press release
Published: 30 November 2021

University of Surrey secures national grant to help address unprofessional behaviours between staff in hospitals

The National Institute for Health Research (NIHR) has awarded nearly £300,000 to a team of researchers from the University of Surrey and their collaborators at the Universities of Hull, Leeds, Birmingham, Cardiff and Macquarie University in Australia to address unprofessional behaviours between healthcare staff.

The study aims to help NHS managers identify both the causes of, and best ways to mitigate, unprofessional behaviours between staff. With the NHS staff survey identifying bullying and harassment as issues in many hospitals and ambulance trusts, the Surrey-led research aims to identify the best ways to tackle these behaviours, which can jeopardise patient safety, staff wellbeing and retention.

This study builds on previous research which has identified behaviours such as rudeness, overstepping boundaries, verbal aggression, sexual and racial harassment, and bullying. These unprofessional behaviours can affect all staff, but particularly those in ambulance trusts and staff members from minority groups.

Called a “realist review,” the research approach reviews the literature on this topic in a different way to other review methods by acknowledging the extreme complexity of the problem within the NHS. As such, the study aims to improve understanding of how, why and in what situations unprofessional behaviours can be best reduced, managed and prevented and to develop tools to help managers and others in positions capable of implementing change address unprofessional behaviours between staff. The tools will help identify which strategies are best to use to address specific types of behaviour within different staff groups. The team want to take an organisation-wide approach rather than focusing on individuals, as typically happens at present, and to ensure all types of unprofessional behaviour are tackled.

To undertake this important work, the University of Surrey has pulled together a team of experts in unprofessional behaviours, psychological safety and realist reviews. They will share the study findings with a stakeholder group which includes patient and public representatives, as well as healthcare staff with experience of facing unprofessional behaviours. This group will draw on their experience and knowledge to work with the researchers, helping boost understanding and dissemination of the findings. Together, they will design and develop evidence-based guidelines for NHS managers to reduce and prevent unprofessional behaviours.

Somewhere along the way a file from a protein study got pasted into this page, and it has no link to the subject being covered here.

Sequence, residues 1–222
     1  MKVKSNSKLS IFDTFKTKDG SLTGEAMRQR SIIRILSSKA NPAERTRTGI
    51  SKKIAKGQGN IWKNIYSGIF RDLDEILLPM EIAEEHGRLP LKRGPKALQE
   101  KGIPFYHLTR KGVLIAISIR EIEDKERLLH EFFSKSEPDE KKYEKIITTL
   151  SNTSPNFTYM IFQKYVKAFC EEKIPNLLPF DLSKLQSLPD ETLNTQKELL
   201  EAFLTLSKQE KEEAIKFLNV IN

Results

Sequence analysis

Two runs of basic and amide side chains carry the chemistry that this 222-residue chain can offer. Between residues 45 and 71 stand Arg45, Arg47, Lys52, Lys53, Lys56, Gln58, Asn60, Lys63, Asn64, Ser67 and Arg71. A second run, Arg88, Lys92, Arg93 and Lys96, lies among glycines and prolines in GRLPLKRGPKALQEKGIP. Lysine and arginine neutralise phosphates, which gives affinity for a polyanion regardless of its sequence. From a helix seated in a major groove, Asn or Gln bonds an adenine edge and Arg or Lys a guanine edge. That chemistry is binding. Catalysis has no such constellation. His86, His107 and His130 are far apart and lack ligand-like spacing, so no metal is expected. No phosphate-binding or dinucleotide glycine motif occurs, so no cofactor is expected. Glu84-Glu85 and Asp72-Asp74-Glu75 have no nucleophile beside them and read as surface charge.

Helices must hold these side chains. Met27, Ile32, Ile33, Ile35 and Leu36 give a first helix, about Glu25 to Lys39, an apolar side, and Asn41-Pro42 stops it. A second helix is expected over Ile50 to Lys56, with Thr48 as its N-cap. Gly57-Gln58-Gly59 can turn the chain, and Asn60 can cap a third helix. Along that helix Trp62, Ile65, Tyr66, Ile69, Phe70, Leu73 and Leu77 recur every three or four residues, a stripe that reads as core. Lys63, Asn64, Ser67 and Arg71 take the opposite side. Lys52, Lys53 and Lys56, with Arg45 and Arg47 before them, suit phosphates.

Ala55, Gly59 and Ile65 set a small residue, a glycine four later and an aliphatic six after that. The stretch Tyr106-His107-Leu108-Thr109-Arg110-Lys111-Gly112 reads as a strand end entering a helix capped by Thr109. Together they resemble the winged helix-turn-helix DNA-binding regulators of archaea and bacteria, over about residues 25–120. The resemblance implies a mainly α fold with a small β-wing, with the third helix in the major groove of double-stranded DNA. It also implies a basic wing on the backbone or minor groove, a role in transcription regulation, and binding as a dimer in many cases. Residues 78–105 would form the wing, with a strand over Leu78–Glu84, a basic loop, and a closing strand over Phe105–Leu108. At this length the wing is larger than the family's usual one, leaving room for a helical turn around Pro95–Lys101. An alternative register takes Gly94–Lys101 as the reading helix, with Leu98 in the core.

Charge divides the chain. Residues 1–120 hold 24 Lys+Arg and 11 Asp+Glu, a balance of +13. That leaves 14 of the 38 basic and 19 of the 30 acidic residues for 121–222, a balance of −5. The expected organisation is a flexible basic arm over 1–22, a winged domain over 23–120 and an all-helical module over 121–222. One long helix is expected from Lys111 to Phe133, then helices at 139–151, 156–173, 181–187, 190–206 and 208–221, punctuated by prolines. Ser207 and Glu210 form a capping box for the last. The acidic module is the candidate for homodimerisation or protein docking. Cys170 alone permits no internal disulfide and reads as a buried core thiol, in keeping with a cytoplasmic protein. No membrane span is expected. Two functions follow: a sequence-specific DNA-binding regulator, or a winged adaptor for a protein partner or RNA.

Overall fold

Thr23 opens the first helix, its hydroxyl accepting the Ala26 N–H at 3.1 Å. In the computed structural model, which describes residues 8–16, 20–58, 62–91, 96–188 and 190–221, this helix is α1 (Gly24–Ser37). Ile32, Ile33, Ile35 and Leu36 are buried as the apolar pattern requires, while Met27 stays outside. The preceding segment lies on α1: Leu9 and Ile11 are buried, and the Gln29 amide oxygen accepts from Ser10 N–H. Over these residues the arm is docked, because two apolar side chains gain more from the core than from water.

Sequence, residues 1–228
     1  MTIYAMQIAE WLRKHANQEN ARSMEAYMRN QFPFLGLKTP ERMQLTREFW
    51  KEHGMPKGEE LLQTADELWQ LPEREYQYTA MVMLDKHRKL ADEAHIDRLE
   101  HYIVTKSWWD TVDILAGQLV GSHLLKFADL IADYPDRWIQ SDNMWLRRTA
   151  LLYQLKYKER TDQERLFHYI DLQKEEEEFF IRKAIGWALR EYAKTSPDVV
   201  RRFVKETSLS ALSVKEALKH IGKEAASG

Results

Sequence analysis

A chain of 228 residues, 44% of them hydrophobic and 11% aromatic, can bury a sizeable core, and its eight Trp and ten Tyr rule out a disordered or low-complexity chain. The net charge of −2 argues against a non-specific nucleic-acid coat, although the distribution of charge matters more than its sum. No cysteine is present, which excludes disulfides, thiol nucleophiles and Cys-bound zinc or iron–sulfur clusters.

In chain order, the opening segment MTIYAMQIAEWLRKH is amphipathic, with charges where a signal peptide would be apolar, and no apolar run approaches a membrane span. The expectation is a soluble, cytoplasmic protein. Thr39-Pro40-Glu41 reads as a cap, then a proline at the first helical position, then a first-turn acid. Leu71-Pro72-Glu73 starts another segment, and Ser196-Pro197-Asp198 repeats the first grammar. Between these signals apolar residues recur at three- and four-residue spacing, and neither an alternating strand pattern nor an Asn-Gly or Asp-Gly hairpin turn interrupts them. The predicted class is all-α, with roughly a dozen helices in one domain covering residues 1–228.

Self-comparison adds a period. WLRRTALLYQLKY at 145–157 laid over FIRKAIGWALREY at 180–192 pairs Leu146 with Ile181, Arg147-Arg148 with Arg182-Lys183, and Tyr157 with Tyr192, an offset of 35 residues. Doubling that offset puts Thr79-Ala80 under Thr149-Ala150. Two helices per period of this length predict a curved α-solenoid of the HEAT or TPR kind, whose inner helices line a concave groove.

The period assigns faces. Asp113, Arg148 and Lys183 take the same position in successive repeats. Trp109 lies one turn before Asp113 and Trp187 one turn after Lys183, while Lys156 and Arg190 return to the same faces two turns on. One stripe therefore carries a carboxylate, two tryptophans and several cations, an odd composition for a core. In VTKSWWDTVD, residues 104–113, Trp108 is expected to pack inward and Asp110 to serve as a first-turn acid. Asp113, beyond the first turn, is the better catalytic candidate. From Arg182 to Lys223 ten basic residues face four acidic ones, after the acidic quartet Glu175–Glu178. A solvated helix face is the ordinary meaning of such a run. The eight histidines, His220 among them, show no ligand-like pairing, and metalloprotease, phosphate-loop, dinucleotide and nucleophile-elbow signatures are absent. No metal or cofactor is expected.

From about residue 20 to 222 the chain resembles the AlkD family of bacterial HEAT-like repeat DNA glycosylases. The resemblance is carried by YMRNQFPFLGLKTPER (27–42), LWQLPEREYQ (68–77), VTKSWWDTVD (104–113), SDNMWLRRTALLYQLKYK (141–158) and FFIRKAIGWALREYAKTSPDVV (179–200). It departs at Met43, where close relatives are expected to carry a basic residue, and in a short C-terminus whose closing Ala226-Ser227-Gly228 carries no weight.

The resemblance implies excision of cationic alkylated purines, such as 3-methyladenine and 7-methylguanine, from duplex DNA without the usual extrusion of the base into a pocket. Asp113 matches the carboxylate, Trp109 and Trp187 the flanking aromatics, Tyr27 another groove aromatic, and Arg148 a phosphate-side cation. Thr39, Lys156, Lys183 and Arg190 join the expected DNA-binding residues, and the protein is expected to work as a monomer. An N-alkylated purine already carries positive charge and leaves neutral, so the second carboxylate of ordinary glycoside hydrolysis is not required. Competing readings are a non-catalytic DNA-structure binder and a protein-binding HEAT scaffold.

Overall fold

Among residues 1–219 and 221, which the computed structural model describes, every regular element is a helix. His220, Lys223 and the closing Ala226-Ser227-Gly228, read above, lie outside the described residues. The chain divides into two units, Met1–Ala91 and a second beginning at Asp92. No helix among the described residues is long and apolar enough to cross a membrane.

Jill Maben, an expert in staff well-being at work and Professor of Health Services Research and Nursing in the School of Health Sciences, who is leading the study at the University of Surrey, said:

“Unprofessional behaviours can happen in any workplace, and as one of the biggest employers in the UK, it is not surprising that there is work to be done on this issue in some NHS Trusts. I am delighted that the National Institute for Health Research (NIHR) has commissioned this study to allow us to shine a light on these important issues in the NHS. We need to better understand what causes unprofessional behaviours, so that we can suggest solutions and make recommendations. It’s vital this study helps us better understand this important issue and produces the evidence-based guidelines for NHS managers to reduce and prevent unprofessional behaviours, thus changing the culture of parts of the NHS. In other aspects of our work, we provide important facilitated reflective spaces (Schwartz Rounds) to support students and newly qualified NHS staff to process any challenges at work and support well-being. These initiatives thus go hand in hand.”

Other members of the research team include: Dr Ruth Abrams and Dr Justin Aunger, School of Health Sciences, University of Surrey; Dr Mark Pearson, Hull York Medical School, University of Hull; Judy Wright, University of Leeds; Professor Russell Mannion, University of Birmingham; Professor Aled Jones, University of Cardiff; and Professor Johanna Westbrook, Macquarie University, New South Wales, Australia.

This project is funded by the National Institute for Health Research (NIHR) Health and Social Care Delivery Research (project reference NIHR131606). The views expressed are those of the authors and not necessarily those of the NIHR or the Department of Health and Social Care.


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